Monday, July 5, 2010

Cloacal Protuberances

I last posted about some of the ways banders identify a bird's age.  Often both sexes of birds are similar.  The photo below is of one of these species, the Chipping Sparrow. In the photo, the bird is on its back, with the tail going towards the upper right and the belly feathers moved out of the way. 
When breeding, most male birds have a swollen cloacal protuberance, the structure in the center of the photograph.  A female's cloaca is, by comparison, never so swollen. Structurally, the cloacal protuberance is not a penis.  The swollen cloaca is also not a cloacal phallus (an organ of ducks and ratities), which I wrote about in my 2 April 2010 post.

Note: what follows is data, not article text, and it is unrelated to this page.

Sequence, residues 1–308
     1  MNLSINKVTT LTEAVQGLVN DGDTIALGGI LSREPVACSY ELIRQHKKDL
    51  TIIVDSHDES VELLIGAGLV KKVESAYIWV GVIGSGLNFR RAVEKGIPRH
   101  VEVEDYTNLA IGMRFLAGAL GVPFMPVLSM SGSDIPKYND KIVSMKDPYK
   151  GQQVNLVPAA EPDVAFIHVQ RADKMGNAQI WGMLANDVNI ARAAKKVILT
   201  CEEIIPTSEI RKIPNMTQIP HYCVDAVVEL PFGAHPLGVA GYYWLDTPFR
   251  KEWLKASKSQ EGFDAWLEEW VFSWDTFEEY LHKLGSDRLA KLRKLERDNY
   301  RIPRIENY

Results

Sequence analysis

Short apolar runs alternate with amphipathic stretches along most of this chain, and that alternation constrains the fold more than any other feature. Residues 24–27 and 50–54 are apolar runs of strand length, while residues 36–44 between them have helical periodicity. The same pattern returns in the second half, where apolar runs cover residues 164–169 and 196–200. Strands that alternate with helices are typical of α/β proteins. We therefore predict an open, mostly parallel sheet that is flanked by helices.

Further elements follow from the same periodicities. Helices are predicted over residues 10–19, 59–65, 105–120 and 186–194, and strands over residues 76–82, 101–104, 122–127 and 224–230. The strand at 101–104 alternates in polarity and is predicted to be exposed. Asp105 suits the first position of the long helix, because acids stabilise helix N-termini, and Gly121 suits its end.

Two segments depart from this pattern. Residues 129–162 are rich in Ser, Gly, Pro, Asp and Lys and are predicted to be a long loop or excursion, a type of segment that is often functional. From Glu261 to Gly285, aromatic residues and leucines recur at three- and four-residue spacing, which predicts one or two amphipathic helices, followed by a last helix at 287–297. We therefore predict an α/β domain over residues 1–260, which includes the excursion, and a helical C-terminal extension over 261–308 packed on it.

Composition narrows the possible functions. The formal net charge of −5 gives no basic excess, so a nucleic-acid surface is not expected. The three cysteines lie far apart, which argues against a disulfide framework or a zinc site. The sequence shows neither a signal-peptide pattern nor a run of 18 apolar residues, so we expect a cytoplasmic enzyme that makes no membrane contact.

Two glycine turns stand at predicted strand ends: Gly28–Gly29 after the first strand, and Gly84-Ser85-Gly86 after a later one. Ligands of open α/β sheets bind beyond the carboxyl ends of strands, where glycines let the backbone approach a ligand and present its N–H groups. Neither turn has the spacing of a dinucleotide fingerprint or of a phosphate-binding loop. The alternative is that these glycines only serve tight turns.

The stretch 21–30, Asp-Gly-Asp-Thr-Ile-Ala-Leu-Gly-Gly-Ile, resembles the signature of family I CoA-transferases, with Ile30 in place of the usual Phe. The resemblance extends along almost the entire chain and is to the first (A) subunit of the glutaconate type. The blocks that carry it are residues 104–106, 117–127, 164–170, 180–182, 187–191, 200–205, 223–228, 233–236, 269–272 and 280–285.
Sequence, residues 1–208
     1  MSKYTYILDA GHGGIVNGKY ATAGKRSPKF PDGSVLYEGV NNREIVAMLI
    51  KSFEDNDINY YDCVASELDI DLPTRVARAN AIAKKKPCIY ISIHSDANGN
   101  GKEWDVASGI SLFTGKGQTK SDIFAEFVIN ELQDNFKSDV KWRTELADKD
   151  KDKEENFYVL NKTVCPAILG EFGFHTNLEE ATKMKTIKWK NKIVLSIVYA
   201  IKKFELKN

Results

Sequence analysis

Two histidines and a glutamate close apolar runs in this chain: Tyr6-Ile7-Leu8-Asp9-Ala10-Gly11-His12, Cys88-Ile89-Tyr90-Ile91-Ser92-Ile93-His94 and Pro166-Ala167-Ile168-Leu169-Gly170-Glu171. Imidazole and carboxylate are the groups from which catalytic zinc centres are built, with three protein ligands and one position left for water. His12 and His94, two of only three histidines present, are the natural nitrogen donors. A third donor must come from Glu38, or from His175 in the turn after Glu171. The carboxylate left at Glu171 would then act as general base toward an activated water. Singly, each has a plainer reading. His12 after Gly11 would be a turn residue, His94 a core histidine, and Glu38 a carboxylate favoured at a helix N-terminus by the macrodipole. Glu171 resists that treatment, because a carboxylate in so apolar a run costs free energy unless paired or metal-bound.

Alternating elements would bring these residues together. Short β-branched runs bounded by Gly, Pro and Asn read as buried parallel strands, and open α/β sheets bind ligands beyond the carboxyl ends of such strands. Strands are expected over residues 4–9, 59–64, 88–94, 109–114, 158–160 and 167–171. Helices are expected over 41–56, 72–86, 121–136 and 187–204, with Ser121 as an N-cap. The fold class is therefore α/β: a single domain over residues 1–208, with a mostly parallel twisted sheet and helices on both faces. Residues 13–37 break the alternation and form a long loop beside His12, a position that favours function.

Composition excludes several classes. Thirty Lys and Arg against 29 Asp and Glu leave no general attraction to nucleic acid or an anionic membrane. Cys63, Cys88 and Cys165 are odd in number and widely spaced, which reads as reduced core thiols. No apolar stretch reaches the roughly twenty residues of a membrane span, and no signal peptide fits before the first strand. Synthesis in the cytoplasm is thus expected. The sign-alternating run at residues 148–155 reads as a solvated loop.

The cloaca is a chamber into which empty the digestive tract (the anus empties into the cloaca; the exit of the cloaca is called the vent), sexual ducts, and urinary tubes.  Cloaca comes from the Latin for sewer.  Male birds get the job done with a cloacal "kiss," with little or no penetration of the female. I will have more to write about cloacae (I assume cloacae is the plural of cloaca) in my next post.

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